Review: "Sweat" at the Mark Taper Forum

Mary Mara (Tracey) and Portia (Cynthia) in Lynn Nottage's  Sweat , directed by Lisa Peterson, at the Mark Taper Forum. (© Craig Schwartz)

Mary Mara (Tracey) and Portia (Cynthia) in Lynn Nottage's Sweat, directed by Lisa Peterson, at the Mark Taper Forum. (© Craig Schwartz)

Jill Weinlein

  • Chief Los Angeles Theatre Critic

“SWEATing in My Seat”

It was a homecoming for director Lisa Peterson of The Pulitzer Prize-winning play SWEAT as she watched her nine actors perform on opening night at the Mark Taper Forum. She was once the Resident Director at the Taper for ten years from 1995-2005. A lot has changed in the nation since she was last directing in Los Angeles, making this American drama so compelling and enlightening for the audience.

Playwright Lynn Nottage is the first woman to win two Pulitzer Prizes for Drama. She researched and interviewed workers in one of the poorest cities in Pennsylvania to discover what happens to people when the plant their parents worked, they work and now their children work at moves to Mexico.

The set by Christopher Barreca opens in a colorfully lit bar with a neon Stegmaier Beer sign, stools, tables, and a jukebox. Lighting designer Anne Militello quickly darkens the stage as we meet Jason (Will Hochman), a white man sporting a swollen eye and tattoos on his face. Sitting with patient probation officer Evan (Kevin T. Carroll) shortly after being released from prison, he has a chip on his shoulder while trying to figure out how to fit back into the community.

Next Chris (Grantham Coleman), a remorseful black man who doesn't know how to mainstream back into the world either, meets with Evan. He had a bright future to go to college and become a teacher before one fateful evening.

Projection designer Yee Eun Nam clues us into the era by displaying multi-media images enhanced with Sound Designer Paul James Predergast’s music to alert us it’s 2008, and the stock market is deteriorating, and America continues sliding into a recession.

Wondering how their lives went astray, Nottage and the creative team flashback to 2000 when these two were friends working together at their hometown factory with their parents and friends.

The bar is where all the characters meet for drinks, gossip and discuss work. Even though they all have aches and pains, they appreciate their benefits and pension and look forward to retiring.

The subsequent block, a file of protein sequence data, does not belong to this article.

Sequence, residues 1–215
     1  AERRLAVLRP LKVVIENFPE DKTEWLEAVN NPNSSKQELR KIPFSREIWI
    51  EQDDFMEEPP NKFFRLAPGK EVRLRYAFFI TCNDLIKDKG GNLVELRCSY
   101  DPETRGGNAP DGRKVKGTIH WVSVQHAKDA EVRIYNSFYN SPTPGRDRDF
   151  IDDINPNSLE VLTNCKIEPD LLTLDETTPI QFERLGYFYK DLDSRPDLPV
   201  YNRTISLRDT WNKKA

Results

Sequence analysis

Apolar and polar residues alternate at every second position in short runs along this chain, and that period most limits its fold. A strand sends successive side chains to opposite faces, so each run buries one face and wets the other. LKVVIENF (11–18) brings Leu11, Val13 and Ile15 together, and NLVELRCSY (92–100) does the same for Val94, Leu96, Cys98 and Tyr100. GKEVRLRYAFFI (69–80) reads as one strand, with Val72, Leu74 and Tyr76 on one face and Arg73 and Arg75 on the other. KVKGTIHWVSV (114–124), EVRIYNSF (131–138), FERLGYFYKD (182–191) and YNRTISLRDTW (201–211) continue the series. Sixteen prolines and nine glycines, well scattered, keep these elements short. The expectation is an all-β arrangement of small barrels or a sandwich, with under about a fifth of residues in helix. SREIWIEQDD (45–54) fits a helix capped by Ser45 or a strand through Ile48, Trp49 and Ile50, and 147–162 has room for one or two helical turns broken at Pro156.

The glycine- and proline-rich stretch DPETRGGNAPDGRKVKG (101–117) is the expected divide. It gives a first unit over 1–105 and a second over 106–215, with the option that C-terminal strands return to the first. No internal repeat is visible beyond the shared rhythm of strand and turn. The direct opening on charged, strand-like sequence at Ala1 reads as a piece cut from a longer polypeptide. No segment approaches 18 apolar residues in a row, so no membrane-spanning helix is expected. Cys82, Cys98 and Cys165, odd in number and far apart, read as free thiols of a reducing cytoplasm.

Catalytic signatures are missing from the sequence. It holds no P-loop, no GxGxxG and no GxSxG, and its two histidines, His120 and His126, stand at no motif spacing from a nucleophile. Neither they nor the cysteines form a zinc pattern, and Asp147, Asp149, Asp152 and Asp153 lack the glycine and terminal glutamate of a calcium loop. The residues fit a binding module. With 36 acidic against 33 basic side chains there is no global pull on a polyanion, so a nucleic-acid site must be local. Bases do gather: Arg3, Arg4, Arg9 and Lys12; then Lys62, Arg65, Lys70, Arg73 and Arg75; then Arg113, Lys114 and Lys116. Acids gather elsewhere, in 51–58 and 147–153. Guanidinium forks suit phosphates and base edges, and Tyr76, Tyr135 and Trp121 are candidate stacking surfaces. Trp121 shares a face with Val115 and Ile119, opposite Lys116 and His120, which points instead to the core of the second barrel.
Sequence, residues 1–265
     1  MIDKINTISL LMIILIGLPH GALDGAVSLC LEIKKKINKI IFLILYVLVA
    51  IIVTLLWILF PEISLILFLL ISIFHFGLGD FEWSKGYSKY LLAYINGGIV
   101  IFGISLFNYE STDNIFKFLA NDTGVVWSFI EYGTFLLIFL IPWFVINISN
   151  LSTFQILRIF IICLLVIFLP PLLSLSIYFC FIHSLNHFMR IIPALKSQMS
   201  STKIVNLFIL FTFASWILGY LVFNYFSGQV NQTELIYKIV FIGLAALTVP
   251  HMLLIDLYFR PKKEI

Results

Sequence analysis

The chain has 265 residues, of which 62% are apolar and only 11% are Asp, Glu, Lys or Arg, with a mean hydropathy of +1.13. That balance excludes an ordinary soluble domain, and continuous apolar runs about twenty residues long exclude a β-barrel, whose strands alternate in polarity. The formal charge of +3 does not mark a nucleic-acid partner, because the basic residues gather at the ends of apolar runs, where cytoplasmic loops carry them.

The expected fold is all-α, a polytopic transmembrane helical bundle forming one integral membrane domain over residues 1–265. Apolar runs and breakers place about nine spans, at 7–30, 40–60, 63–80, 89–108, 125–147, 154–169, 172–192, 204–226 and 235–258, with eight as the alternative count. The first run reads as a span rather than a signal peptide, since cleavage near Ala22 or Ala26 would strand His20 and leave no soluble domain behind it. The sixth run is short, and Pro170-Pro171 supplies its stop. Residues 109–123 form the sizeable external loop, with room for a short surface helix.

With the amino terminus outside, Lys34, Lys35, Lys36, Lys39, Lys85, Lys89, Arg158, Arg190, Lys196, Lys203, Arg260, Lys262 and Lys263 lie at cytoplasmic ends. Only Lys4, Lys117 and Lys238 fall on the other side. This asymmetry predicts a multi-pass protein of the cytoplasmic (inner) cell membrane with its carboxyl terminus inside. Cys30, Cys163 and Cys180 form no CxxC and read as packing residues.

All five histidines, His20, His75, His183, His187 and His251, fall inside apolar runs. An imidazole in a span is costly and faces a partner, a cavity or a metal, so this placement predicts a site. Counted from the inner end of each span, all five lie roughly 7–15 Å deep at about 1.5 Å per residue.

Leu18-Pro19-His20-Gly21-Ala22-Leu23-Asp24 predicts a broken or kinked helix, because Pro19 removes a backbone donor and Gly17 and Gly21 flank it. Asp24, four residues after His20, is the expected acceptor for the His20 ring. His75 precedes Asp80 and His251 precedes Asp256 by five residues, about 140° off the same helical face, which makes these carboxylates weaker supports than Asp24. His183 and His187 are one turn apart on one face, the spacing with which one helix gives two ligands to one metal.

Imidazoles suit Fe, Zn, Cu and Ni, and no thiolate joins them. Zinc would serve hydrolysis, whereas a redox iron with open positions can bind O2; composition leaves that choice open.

We watch three co-workers celebrating a birthday at the bar with Stan (Michael O’Keefe) the bartender and Columbian bar helper Oscar (Peter Mendoza). Stan used to work at the plant until he was injured. A stand out performance is by Tracey (Mary Mara) with her gravely, smoker, tough girl dialect, especially in a later scene when her son Jason asks her for money. Tracey along with Cynthia (Portia) and sloppy drunk Jessie (Amy Pietz) have worked at the plant for over 20 years. There has never been an opportunity for any of them to rise off the factory floor into management. When a supervisor leaves, Tracey and Cynthia are being considered for the position to work under “the suits who don’t want to get their diplomas covered in sweat.”

For over two hours, we discover how these flawed characters suffer from a sequence of events starting from January 2000 through September 2000. Friendship, loyalty, fear, racism, and prejudices are heightened as the factory downsizes and demands substantial pay cuts. This leads to strikes, lockouts and the hiring of nonunion workers.

Cynthia’s ex Brucie (John Earl Jelks) performed in the play on Broadway. He is smooth, loud and Chris’s good for nothing father. Cynthia has a lot of moxy facing her circumstances with courage and strength. No one knows what it is like to walk in her shoes, but we learn a little as we watch her sweat, suffer, stand up and fight.

SWEAT is a little too long in some scenes, and I did notice a few audience members leave. However, they missed out on seeing one of the most powerful scenes with a surprising twist. I’m glad I stayed to watch the handsome and likable Oscar rise up and succeed in achieving a happier outcome than the rest.

Guilt and rage don’t destroy these characters, shame does. Without a job, America’s working class loses its identity and turns into drug dependent and often homeless victims from corporate greed and the opiate crises.

The play runs through October 7, 2018. Tickets are available in person, online at, or call Audience Services at (213) 628-2772. Tickets range from $30 – $99 (ticket prices are subject to change). The Mark Taper Forum is located at The Music Center, 135 N. Grand Avenue in Downtown L.A. 90012.